Six weeks back the Dominion Post newspaper’s very competent political reporter Stacey Kirk wrote a sign‑off farewell article. She’s moving to fresh fields and good luck to her.
Amidst the various anecdotes and highlights she recounted was this passage.
“… if there’s one thing I’ve learnt during my time covering the day‑to‑day grind, the cut and thrust of New Zealand politics, it’s that nearly everyone in this place is here to make a difference.
Out of 120 MPs I’d argue there is potentially only one whose motives were entirely self‑interest and he is sitting in political Siberia – those ones always get discovered.
So why they may disagree on the way to do it, MPs on all sides genuinely tend to be in it to make New Zealand a better place.”
A shade generous but well said girl.
I knew every MP in the 1970s and 80s and lots thereafter and largely would endorse those sentiments.
The pariah Stacey alluded to is that world‑class sneak Jamie‑Lee Ross, much given to public weeping performances to justify his character weakness and rottenness. His snout will be removed from the public payroll, namely your pocket after the next election and he will certainly not be missed.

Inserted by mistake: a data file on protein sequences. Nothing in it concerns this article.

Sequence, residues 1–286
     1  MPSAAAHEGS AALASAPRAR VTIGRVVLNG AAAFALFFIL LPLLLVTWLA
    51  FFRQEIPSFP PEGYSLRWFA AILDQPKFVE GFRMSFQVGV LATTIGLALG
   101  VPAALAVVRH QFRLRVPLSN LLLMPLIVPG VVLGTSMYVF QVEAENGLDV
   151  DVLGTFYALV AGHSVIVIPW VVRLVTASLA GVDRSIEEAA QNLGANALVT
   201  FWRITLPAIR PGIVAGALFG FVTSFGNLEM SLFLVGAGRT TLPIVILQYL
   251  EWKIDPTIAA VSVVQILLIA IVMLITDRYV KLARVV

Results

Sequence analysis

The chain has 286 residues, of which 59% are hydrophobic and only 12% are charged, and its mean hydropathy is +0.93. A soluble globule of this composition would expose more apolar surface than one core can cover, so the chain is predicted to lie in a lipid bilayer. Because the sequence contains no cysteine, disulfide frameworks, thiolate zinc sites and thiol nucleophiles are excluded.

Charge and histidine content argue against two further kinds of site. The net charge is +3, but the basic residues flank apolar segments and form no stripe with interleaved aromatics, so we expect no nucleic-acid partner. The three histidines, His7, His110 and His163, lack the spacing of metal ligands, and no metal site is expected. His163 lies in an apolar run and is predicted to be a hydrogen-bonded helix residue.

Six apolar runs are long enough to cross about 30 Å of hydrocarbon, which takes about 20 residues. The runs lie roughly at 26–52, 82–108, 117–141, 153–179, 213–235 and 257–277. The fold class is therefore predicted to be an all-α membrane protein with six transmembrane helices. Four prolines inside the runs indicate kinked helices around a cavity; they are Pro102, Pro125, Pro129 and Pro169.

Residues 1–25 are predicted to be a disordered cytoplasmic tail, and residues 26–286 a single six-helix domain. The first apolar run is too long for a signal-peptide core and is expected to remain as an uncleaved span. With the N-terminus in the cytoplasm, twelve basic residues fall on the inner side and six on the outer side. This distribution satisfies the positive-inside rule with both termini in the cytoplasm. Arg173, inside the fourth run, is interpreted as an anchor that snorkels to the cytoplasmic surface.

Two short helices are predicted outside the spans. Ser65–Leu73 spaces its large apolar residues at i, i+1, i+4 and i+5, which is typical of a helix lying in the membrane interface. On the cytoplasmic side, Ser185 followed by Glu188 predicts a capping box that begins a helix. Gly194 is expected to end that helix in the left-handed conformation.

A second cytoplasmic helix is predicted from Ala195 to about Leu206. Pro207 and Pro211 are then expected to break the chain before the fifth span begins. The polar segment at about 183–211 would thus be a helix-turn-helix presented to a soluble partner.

There’s a reason I mention all of this and that is the universal practise of endless abuse of politicians.
As The Herald’s parliamentary reporter Claire Trevett reminded us in a recent article, “Politicians don’t get public holidays off. There is no such thing as overtime or regulated lunch-breaks, five day weeks are a luxury, and by and large, an eight hour day is as much a myth as a unicorn.”
In New Zealand the public wring their hands at the general mediocrity of local government candidates. But it’s not a local concern, rather it’s universal. The whole world is bewildered that an ignorant abomination such as Trump can be elected to the head of the wealthiest nation and that among a third of a billion people, the likes of Biden, a staggering lightweight, is the best to date the Democrats can muster.
The reason is as Stacey inferred. The relentless abuse of politicians is a huge put‑off for quality potential candidates to offer themselves. Even after retirement it can carry on by the media, epitomised by the over‑the‑top attacks on John Key of late. The Herald for example, last week decided that the sale of Key’s holiday home for God’s sake justified several thousand words. Why? The short answer is they had nothing else to fill their pages, sadly the principal problem for now anachronistic dailies.